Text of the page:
Most revolutionary companies aren’t born with the intent to change the world, yet there I was trying to do exactly that. I was on the verge of starting my third company, and I wanted to do something truly special. I listed all of the industries I thought I could have an impact in, and quickly became fixated on education. It’s a market that has the potential to impact billions of lives for the better. There are so many students failed by the system. “I can fix it”, I thought.

My theory was that students are increasingly carrying tablets to classes, but that the products powering them were sub-par. Why not build something for the iPad that allows a teacher to control a whole classroom and teach a lesson? To share videos, articles, slides and quizzes in real-time. Students would be captivated! It’d be a revelation throughout the entire educational system.

Upon reflection, I had a disastrous realization. It dawned on me that technology has been involved in the classroom for a long, long time. Traditional PC’s have been sold into schools and yet results haven’t improved in any meaningful way because of them. It’s clear that iPads are the future of personal computing, but are they going to be the difference between one generation being average and another being excellent? Perhaps the tools weren’t the problem. Could it be that the traditional classroom format itself is broken? I dove deeper.

After talking to many teachers, it became obvious that the real problem was one of pace. It is impossible to hope that an entire classroom of students will learn at the exact same speed. People absorb knowledge at entirely different rates, yet the current system is setup as if you had put 30 student clones into the classroom. The result is that educators have to make a decision between catering to the fastest or slowest learners. When a class is moving too fast, there is a huge percentage of students who will just not absorb the information. It is absolutely inevitable that even above-average learners are left with an incomplete knowledge-set. Just imagine what happens to below-average learners! From what I was hearing, this “one-size-fits-all” method was going to cause substantial damage for generations to come.

Reinventing the classroom was now my aim. In addition to pace, the ever-rising tuition fees in higher education meant there was an opportunity to serve those who simply couldn’t afford the costs. I dreamt up ideas for a new kind of school, one where the student was taught at a dynamic pace. Working from home would be encouraged, and the teachers would always be at hand to help whenever needed. The class content would be free, but the student would pay per-session whenever they needed help from the teacher. “I finally cracked it”, I thought. The new school would also let me indulge in my belief that iPads are still going to be a fantastic tool to use within education. There was just one problem, and it drives fear into the heart of any software engineer: Physical space. Every person I had explained my concept to remarked that the idea of a building in which you visit 5 days a week was antiquated. At first I disagreed, but in time I came to agree with them.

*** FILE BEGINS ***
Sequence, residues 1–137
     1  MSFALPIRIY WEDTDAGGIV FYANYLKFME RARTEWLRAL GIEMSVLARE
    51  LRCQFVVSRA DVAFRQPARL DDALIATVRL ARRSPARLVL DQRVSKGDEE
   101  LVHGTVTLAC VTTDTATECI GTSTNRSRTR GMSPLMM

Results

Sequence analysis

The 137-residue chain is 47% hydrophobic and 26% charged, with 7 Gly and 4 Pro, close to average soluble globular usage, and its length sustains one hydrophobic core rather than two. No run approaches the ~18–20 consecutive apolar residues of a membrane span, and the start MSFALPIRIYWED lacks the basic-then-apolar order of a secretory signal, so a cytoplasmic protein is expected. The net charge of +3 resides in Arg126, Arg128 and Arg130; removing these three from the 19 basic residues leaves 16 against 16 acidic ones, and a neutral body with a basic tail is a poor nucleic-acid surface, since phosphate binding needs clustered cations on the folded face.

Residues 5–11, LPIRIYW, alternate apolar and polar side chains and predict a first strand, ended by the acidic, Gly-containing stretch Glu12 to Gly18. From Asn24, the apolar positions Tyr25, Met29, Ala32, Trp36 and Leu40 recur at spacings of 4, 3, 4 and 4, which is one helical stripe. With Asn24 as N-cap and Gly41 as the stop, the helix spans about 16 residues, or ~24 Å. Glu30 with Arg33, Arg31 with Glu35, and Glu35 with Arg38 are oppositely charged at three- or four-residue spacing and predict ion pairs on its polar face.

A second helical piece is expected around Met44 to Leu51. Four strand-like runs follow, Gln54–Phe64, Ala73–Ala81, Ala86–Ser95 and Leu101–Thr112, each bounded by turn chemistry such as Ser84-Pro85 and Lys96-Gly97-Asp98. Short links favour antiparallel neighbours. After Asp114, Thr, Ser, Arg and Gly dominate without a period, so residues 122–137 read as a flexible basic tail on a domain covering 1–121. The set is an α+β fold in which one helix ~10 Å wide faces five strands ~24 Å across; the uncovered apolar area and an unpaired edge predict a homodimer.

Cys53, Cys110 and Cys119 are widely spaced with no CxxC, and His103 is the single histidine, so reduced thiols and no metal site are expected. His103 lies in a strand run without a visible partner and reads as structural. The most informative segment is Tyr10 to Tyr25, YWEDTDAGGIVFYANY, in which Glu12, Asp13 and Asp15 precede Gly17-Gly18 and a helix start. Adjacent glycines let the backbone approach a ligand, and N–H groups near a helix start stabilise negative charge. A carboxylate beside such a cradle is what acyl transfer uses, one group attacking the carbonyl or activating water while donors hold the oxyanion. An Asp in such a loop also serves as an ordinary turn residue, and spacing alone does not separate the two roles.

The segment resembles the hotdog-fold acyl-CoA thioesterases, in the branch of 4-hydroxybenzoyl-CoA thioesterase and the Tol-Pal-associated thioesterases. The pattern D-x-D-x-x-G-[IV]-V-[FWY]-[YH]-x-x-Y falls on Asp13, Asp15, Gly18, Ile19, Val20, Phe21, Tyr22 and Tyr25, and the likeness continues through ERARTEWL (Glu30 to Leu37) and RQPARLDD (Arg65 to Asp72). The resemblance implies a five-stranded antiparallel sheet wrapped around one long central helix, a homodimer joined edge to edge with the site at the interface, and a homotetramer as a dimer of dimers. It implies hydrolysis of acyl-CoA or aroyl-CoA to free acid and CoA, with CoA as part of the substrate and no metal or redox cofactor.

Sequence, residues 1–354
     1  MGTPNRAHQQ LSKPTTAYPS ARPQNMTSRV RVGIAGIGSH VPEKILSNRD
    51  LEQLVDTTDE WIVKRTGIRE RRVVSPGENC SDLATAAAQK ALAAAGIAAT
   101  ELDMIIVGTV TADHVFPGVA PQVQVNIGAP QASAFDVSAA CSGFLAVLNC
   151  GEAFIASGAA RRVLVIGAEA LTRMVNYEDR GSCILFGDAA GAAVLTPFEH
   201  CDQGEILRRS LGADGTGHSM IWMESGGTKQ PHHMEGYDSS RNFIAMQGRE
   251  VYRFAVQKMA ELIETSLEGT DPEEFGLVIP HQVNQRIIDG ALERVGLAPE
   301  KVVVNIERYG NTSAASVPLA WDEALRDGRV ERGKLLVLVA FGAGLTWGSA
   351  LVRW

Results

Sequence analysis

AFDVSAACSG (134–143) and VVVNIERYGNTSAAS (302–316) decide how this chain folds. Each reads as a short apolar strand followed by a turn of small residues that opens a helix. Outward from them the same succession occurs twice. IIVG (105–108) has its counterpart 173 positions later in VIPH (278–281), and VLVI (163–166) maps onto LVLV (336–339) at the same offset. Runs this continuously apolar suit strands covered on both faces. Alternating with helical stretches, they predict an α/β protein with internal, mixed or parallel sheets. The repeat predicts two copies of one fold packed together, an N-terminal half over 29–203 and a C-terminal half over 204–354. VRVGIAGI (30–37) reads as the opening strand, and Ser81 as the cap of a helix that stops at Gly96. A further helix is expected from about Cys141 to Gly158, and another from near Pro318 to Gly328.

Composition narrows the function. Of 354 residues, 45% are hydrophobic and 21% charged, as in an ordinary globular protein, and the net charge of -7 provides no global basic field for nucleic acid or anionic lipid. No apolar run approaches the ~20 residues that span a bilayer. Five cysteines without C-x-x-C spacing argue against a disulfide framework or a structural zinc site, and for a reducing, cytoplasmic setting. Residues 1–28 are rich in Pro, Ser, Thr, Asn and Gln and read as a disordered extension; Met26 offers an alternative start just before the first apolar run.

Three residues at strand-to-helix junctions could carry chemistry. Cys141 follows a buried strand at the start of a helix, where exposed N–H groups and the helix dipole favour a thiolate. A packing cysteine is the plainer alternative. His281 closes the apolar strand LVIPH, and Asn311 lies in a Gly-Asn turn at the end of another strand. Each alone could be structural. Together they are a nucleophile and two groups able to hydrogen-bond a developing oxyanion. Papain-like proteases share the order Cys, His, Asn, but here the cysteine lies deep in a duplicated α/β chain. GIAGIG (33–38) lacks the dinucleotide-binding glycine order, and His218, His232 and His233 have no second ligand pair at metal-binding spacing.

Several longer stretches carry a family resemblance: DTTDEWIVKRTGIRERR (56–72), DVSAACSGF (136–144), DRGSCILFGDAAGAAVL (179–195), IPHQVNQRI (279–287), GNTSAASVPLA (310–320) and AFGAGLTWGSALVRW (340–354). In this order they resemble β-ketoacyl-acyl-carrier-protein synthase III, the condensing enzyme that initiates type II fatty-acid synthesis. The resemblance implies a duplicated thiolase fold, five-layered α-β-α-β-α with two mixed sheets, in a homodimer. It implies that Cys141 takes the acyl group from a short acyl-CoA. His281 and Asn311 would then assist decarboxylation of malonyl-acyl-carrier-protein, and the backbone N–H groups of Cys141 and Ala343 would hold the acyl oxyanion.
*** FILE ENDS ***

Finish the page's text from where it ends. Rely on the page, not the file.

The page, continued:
After my epiphany, I looked at the landscape of companies trying to revolutionize higher education. Companies like Udacity, Coursera, Udemy and more. I read up on pedagogy and classroom theory in the hope I could compete with them. I saw the love and dedication they had put into their products, and I’m happy to admit that I was discouraged. Beating these companies, with their wealth of knowledge and experience, was going to be an incredibly hard task. Not one to be put off, I decided to go right ahead and compete. My journey thus far had taken me from a tablet product, to a physical school and to a virtual classroom. I was ready to build.

As luck would have it, during this time a friend of mine joined Udacity as their COO and President. Vishal is an amazing entrepreneur and someone I look up to. We started talking and I loved everything about the team and its vision. Reinventing higher education is a huge opportunity, and one that Udacity is leading.

After talking with Vishal and the team, I was thoroughly confused about what to do next. On one side was the potential to build my own project, but on the other was this amazing team and exciting product. After much thought, I decided to join Udacity to head up their mobile efforts. Udacity has built an entirely new way to teach a class, one that runs asynchronously so that students can work at their own pace. Early signs of effectiveness are incredibly encouraging, and it’s only going to get better. The team has applied many, many years of pedagogical research and combined it with the latest technologies to build the best classroom I have ever seen. I am a big believer that always-open online classes will have a huge impact on millions of people around the world. You can learn from some of the best teachers in the world at your own pace. Did I mention it’s free?

Although my journey didn’t lead me to building my own world-changing company, I’m very happy to have joined one. I get to work on a product and medium I love, with some of the smartest people I’ve ever met. It doesn’t get much better. Truly changing the classroom and higher education is starting to look like it will happen in the near future, and the best part is Udacity is only getting started. I couldn’t be happier to be a part of the revolution.


Want to help build the future of higher education? Udacity is hiring!